Putting career aptitude assessments used in schools to the test

By: | December 22, 2017

Twelve of Nashville’s largest high schools in November began piloting an online test that assesses ninth-graders’ job aptitudes along with their career interests.

Many states, including Washington and New Jersey, have created similar career-oriented middle and high school exams that are based on interests rather than skills, says Katie Fitzgerald, senior associate of communications of Advance CTE, a national nonprofit that represents state education leaders.

New Jersey offers districts the New Jersey Career Assistance Navigator, a free, web-based system that identifies national, New Jersey and local careers.

Washington state’s Workforce Training and Education Coordinating Board has created Career Bridge, a website that includes a career quiz, information on trending jobs and tools to identify what education degrees to pursue.

And elementary schools in Maryland are leveraging the Project Lead the Way engineering program to open professional pathways, says Ashleigh McFadden, state policy manager at Advance CTE.

“They connect students with STEM careers these kids wouldn’t necessarily have heard about” says McFadden. “It’s a collaborative effort between state school counseling and Career and Technical Education offices. It’s rare for this type of coordination to happen within state Departments of Education.”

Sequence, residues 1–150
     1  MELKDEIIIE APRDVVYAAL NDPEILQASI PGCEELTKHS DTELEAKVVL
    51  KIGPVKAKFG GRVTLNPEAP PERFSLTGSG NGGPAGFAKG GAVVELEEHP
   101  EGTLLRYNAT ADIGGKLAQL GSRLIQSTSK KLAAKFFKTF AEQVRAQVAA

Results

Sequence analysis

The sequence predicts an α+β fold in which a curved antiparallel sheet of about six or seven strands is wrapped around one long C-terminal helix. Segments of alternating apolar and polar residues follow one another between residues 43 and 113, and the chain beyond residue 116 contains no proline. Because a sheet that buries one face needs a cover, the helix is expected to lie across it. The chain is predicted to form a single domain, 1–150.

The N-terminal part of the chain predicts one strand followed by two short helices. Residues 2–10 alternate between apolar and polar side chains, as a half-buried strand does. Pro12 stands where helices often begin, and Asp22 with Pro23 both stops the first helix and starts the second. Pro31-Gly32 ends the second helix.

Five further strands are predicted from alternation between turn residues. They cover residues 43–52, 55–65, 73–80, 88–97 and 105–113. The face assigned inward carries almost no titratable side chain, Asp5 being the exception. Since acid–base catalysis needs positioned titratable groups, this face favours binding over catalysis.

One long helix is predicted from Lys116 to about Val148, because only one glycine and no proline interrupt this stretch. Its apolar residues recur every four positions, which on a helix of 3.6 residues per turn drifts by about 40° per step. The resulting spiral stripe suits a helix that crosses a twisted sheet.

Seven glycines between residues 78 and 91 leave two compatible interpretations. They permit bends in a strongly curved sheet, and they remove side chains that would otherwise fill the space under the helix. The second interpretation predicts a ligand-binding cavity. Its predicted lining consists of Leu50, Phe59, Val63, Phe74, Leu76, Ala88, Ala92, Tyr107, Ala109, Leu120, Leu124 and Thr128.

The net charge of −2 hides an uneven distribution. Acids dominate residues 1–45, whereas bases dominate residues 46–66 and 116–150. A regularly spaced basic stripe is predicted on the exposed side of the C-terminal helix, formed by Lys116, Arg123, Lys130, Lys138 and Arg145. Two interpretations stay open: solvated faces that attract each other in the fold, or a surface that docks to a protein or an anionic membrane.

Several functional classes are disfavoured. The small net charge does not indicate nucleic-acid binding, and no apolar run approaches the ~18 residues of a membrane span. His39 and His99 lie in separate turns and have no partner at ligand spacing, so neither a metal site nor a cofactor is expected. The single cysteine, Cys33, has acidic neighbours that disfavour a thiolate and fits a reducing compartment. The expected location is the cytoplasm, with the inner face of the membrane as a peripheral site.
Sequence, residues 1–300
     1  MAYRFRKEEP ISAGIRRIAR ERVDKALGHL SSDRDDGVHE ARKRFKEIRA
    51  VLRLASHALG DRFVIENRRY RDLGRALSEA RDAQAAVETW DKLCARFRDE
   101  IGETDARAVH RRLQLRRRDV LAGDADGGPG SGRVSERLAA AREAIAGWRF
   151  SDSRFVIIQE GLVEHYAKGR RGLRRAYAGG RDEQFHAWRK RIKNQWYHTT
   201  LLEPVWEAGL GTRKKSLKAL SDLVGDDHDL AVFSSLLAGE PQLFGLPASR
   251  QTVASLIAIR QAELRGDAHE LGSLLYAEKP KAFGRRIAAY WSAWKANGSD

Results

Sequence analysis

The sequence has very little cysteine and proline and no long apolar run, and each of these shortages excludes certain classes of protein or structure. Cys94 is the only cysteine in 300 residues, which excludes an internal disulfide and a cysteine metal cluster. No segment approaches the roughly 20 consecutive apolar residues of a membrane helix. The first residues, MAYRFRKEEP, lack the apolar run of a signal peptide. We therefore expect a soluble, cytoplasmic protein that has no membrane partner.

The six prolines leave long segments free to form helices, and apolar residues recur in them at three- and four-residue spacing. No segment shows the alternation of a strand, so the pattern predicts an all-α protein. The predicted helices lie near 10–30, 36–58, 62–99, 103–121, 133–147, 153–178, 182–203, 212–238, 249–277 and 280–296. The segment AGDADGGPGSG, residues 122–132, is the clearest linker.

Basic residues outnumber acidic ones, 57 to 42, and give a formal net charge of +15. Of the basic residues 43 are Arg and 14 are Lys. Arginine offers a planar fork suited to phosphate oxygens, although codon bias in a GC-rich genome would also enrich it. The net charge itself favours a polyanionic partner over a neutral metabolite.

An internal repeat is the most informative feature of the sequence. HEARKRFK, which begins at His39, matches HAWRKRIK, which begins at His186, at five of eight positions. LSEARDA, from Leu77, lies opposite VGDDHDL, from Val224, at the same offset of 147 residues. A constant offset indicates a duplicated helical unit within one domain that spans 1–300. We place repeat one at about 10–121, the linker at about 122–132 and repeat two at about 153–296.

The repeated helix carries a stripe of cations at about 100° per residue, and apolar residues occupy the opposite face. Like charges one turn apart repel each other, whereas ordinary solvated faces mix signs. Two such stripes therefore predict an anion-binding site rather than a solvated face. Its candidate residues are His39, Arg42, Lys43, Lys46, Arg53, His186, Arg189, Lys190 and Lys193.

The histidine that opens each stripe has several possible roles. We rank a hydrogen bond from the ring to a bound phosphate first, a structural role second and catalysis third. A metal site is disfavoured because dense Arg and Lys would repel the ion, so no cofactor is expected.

Testing caution

Aptitude tests have long been popular in helping to decide a career path, despite questionable effectiveness.

Schools should use career aptitude tests only as part of the planning process to identify which skills students may need to develop for a job they are interested in, says Terri Tchorzynski, a high school counselor at Calhoun Area Career Center in Michigan and the state’s 2017 School Counselor of the Year.

“It should not be the ‘be-all and do-all’ of future planning” she says.

Students who test poorly may receive inaccurate results that indicate they do not possess the skills to pursue a particular career.

“Getting students to understand that these assessments are only a guide to exploring careers is very important” says Tchorzynski. “Students need to know that the results are not the final indicator of whether they can pursue a specific career. It’s a conversation-starter.”

It’s also important to determine if the test aligns with local workforce needs, says McFadden. “Ask local employers if it will accurately guide students to a career that’s right for them” she says.

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